In this third post on using Mock to build RPMs for CentOS 6.3, I’m going to show you how to use Mock to build RPMs for Libvirt 1.0.1 that you can install on CentOS. As you’ll see later, this post builds on the previous two posts (one on using Mock to build RPMs for sanlock 2.4 and one on using Mock to build RPMs for libssh2 1.4.1).
Here’s a quick overview of the process:
- Set up Mock and the environment.
- Install prerequisites into the Mock environment.
- Build the Libvirt RPMs.
Let’s take a closer look at each of these steps.
Setting Up Mock and the Environment
The first phase in the process is to set up Mock and the environment for building the RPMs. Fortunately, this is relatively simple.
First, activate EPEL. My preferred method for activating the EPEL repository is to download the RPM, then use
yum localinstall to install it, like this:
wget http://fedora.mirrors.pair.com/epel/6/i386/\ epel-release-6-8.noarch.rpm yum localinstall epel-release-6-8.noarch.rpm
(Note that I’ve line-wrapped the URL with a backslash to make it more readable. That line-wrapped command actually works just as it is in the shell as well.)
Next, you’ll need to install Mock and related RPM-building tools:
yum install fedora-packager
Third, create a dedicated user for building RPMs. I use “makerpm” as my username, but you could use something else. Just make sure that the name makes sense to you, and that the new user is a member of the
useradd makerpm -G mock passwd makerpm
From this point on, you’ll want to be running as this user you just created, so switch to that user with
su - makerpm. This ensures that the RPMs are built under this dedicated user account.
The final step in setting up Mock and the build environment is to run the following command while running as the dedicated user you created:
Now you’re ready to move on to the next phase: installing prerequisites into the Mock environment.
Installing Prerequisites Into the Mock Environment
One of the great things about Mock is that it creates an isolated chroot into which it installs all the necessary prerequisites for a particular package. This helps ensure that the package’s dependencies are managed correctly. However, if you are trying to build a package where dependencies don’t exist in the repositories, then you have to take a few additional steps. When you’re trying to build libvirt 1.0.1 RPMs for use with CentOS 6.3, you’ll find yourself in exactly this situation. Libvirt has dependencies on newer versions of sanlock-devel and libssh2-devel than are available in the repositories.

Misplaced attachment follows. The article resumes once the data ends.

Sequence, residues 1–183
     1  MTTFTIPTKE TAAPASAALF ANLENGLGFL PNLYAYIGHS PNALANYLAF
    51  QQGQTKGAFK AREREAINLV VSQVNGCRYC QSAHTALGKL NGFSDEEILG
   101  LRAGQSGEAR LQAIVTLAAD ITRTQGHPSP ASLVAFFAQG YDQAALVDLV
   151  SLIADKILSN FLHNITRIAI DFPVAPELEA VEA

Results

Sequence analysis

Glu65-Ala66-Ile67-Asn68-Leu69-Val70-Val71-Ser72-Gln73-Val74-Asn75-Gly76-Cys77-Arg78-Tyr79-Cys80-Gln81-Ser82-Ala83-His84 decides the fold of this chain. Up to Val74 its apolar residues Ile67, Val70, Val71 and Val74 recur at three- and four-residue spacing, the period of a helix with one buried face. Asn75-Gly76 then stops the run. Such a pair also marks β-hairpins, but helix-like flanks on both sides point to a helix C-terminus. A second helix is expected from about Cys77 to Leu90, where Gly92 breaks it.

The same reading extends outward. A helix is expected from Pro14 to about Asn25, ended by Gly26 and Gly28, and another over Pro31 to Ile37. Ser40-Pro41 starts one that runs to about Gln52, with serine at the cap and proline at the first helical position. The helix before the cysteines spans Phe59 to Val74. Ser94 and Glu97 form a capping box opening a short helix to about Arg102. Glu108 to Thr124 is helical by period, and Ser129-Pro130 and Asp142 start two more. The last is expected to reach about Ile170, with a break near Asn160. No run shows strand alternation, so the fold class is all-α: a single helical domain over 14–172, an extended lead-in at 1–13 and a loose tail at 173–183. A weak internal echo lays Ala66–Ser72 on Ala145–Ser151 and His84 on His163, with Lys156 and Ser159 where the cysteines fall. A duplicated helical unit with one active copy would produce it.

Fortunately, there is a workaround—and here’s where those other posts on Mock will come in handy. Use the instructions posted here to build RPMs for sanlock 2.4, and use the instructions here to build RPMs for libssh2 1.4.1.
Once the RPMs are built (and they should build without any major issues, based on my testing), then use these commands to get them into the isolated Mock environment (I’ve line-wrapped here with backslashes for readability):
mock -r epel-6-x86_64 --init mock -r epel-6-x86_64 --install \
This will install these packages into the Mock environment, not onto the general Linux installation.
Once you’ve gotten these packages compiled and installed, then you’re ready for the final phase: building the libvirt RPMs.
Building the Libvirt RPMs
As in my earlier post on compiling Libvirt 1.0.1 RPMs for CentOS 6.3, this final step is almost anti-climactic. That’s good, though, because it means you’ve done all the previous steps perfectly.
First, fetch the source RPM from the libvirt HTTP server:
Next, move the source RPM into the
mv libvirt-1.0.1-1.fc17.src.rpm ~/rpmbuild/SRPMS
Finally, run Mock to rebuild the RPMs:
mock -r epel-6-x86_64 --no_clean ~/rpmbuild/SRPMS/libvirt-1.0.1-1.fc17.src.rpm
Note that the
--no-clean parameter is required here to prevent Mock from cleaning out the chroot and getting rid of the packages you installed into the environment earlier.
This command should run without any errors or problems, and produce a set of RPMs (typically) found in
/var/lib/mock/epel-6-x86_64/results. You can then take these RPMs and install them on another CentOS 6.3 system using
Testing the RPMs
To verify that everything worked as expected, I tested the RPMs using these steps:
Using a clean CentOS 6.3 VM (built using the “Minimal Desktop” option), I used
yum groupinstallto install the Virtualization, Virtualization Client, Virtualization Platform, and Virtualization Tools groups. This installed version 0.9.10 of libvirt.
I then installed the updated version of libvirt using
yum localinstall. I had to specify the dependencies manually on the command line; I anticipate that had I been using a real repository, this would not have been the case. The updated libvirt, sanlock, and libssh2 packages all installed correctly.
I started the libvirtd service (it worked), and ran
virsh --version. It returned version 1.0.1.
I imagine there might be more comprehensive/better ways of testing the RPMs that I built, but they seemed to work fine on my end. If anyone has any other suggestions for how we can double-check to ensure the packages are working correctly, feel free to speak up in the comments below. I also welcome any other corrections, suggestions, or questions in the comments. Courteous comments are always welcome.